You may have heard that starting September 2017, we’ll be offering Grade 12 students electives in Jewish Studies.  Our four-year core curriculum will be reduced to three, and in Grade 12 students will no longer be required to take Hebrew, Tanach, Rabbinics, and Jewish History. Rather, they will be permitted to choose any combination of four Jewish Studies courses.

Some stakeholders who have heard this new policy say that we’re diluting the Jewish Studies program.  I look at it differently.

My vision for a vibrant Jewish school community is one that is filled with students who possess deeper subject knowledge in one area or another of Jewish literacy or life.  Students have different affinities, strengths, and aspirations. Some students love Ivrit and strive to speak and read and write like native Israelis.  Others love Talmud and view it as the core text that guides their lives.  Some seek a home in the lessons of the Tanach; others find their Jewish identity strengthened through Jewish History.

My vision for a vibrant school community mirrors my vision for a vibrant Jewish community.  Some Jews excel at chesed, service to the needy, or outreach to Jews on the periphery of the community.   Others stand out in their commitment to Torah study or in building a shabbat observant community.  Some are courageous spokespeople on behalf of Israel.  Others are active in synagogue life and connect to Judaism through prayer.  No single person can perform all 613 mitzvot in the Torah; we fulfill them as a community.

One of the beautiful things about TanenbaumCHAT is that students come from different backgrounds and with different commitments, and yet we manage to study under the roof of one giant beit midrash.  I celebrate that diversity and want to encourage it.

TanenbaumCHAT’s strength is that we’re an incubator of a vision where the typical silos that divide the Jewish community come down.  Students at our school encounter Jews who are not like them and where we embrace and celebrate the discomfort of those differences.  Imagine a Jewish world that mirrored the large tent of TanenbaumCHAT.

My vision is to foster a pluralism of substance where students learn that the Jewish world is enriched by all types of Jews.  I want them to see that each movement contributed and contributes something important to Jewish life.  If it weren’t for the Orthodox Movement, for example, there would be no day schools; without the Reform Movement, no youth groups; without the Conservative Movement, no Jewish camps; without the Reconstructionist Movement, no notion of the synagogue as a beit kenesset, not just a beit tefilla.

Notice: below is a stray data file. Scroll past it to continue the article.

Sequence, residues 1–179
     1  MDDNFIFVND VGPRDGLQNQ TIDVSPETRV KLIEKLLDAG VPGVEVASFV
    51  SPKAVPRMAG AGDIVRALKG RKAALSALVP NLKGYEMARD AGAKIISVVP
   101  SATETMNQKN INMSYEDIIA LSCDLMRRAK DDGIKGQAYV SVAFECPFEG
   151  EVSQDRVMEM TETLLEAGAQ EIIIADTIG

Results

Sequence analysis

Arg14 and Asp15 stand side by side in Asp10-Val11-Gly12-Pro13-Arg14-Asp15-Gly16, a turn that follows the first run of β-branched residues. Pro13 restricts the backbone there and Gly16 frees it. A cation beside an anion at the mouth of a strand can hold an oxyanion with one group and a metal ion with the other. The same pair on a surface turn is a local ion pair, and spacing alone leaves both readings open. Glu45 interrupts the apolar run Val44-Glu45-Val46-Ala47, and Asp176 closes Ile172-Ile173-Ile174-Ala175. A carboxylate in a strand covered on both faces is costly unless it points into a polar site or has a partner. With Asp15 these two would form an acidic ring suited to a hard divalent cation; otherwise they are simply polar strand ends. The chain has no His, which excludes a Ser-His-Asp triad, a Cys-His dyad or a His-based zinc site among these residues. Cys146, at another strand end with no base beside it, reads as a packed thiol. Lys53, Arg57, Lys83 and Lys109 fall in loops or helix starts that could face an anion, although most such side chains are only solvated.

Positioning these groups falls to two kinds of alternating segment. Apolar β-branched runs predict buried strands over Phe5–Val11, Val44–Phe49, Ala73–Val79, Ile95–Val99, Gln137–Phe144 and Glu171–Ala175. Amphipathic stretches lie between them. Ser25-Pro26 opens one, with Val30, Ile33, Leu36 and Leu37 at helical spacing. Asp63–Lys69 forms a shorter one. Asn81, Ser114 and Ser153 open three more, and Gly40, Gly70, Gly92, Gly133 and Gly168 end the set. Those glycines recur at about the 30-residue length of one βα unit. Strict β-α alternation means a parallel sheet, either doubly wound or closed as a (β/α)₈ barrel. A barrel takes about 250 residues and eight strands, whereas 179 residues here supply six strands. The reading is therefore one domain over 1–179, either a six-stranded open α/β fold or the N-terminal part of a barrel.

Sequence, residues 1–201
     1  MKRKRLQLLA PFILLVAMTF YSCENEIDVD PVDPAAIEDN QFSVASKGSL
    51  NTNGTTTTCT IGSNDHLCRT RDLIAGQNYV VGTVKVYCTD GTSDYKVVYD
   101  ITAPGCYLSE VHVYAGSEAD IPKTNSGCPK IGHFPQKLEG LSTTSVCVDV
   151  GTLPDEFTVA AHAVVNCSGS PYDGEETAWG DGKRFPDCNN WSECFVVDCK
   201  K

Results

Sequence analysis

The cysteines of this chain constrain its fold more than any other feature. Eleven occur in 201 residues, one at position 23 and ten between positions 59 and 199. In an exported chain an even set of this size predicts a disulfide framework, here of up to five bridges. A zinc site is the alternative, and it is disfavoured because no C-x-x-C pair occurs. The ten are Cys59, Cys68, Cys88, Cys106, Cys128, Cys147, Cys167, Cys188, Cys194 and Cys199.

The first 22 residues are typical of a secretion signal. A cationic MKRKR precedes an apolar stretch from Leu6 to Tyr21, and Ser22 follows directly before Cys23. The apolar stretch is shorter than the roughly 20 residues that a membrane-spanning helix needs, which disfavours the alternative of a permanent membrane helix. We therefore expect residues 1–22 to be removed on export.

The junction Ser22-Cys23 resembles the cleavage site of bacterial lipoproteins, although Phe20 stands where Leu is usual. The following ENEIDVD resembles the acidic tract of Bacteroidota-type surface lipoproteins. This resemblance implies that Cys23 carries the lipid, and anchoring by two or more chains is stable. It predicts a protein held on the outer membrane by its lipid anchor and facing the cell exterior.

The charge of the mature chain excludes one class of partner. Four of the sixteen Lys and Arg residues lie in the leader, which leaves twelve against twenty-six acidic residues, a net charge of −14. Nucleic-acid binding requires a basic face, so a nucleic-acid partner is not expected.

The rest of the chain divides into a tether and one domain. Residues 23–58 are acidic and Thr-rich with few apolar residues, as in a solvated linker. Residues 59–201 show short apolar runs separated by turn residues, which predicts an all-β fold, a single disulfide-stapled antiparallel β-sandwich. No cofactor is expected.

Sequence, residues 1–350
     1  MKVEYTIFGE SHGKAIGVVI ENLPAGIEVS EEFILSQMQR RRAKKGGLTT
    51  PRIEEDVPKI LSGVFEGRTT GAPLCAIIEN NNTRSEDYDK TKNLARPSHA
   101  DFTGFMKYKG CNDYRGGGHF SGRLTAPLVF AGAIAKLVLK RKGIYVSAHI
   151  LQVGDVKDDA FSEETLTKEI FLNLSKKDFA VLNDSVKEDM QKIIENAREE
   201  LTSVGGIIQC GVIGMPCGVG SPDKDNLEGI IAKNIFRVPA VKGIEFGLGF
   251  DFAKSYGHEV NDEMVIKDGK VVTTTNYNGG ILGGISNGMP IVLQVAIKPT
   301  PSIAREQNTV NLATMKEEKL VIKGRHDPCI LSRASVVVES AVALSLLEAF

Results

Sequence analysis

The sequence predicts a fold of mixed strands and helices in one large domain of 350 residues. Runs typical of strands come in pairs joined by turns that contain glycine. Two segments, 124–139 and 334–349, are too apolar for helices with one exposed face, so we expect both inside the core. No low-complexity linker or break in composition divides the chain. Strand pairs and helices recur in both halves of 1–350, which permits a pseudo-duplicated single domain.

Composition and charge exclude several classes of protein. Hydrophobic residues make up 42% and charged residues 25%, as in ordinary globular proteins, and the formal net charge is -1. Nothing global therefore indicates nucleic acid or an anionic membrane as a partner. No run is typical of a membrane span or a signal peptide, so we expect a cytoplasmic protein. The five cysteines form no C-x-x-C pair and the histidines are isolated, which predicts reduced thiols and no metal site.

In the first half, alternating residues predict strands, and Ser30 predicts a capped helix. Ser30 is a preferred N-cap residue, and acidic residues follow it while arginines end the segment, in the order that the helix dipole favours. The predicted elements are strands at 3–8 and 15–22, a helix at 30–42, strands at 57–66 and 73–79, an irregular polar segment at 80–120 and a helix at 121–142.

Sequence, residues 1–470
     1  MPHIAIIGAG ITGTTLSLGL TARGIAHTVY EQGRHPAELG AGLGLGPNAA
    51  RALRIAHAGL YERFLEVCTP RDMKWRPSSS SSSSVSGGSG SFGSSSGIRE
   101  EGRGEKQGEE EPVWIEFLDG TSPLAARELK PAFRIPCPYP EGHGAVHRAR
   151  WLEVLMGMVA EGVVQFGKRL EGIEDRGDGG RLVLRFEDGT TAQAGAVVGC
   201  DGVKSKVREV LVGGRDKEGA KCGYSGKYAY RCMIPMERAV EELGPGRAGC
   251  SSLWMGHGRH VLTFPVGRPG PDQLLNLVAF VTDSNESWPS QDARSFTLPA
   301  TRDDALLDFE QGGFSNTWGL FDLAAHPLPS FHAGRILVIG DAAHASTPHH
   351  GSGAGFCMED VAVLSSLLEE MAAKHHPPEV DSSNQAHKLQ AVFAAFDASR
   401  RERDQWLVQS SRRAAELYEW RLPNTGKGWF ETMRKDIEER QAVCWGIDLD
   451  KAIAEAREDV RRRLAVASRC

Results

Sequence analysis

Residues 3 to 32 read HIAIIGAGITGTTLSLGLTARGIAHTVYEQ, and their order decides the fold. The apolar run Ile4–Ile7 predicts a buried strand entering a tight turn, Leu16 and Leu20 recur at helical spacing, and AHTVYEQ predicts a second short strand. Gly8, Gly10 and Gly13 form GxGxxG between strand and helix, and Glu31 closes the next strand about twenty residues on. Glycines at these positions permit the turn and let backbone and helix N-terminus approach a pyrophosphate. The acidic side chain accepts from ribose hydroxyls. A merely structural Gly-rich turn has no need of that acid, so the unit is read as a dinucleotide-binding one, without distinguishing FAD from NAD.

I want students to understand that the State of Israel might not have been established had it not been for secular Jews and it might not have been a Jewish State had it not been for religious Jews.

I want students to realize that the more ports of entry we create, the greater the likelihood that Jews will find a home in Judaism.  I want them to find their unique voice and contribution to the Jewish community.

It is this vision that is driving the changes we are making in Jewish Studies.  That is why we are giving students the opportunity to delve deeply into a subject area about which they are passionate.  Let them take two or three Ivrit classes or two or three Jewish history classes.  Let them find their voice and home in Jewish civilization and in our sacred family.

In an age where we are trying to nurture critical and innovative thinking, we need to offer a wider breadth and depth of courses to enable students to deepen their roots in their Jewish heritage and in the Jewish community.  The elective policy doesn’t signal the advent of a diluted Judaism, but the aspiration towards a more vibrant one.

I have to admit that Israel as an abstract concept does not mean very much to me. The idea of a land is something we are told so much about in school, but it is the part that is hardest to connect to. Israel for me has always been the place where my maternal grandparents, aunts, uncles and cousins live. That is the Israel I visited for my grandfather’s 70th birthday and the place where he is buried. I was inspired to join Project Israel for the chance to win tickets to visit this land and my family who I almost never see without a screen between us.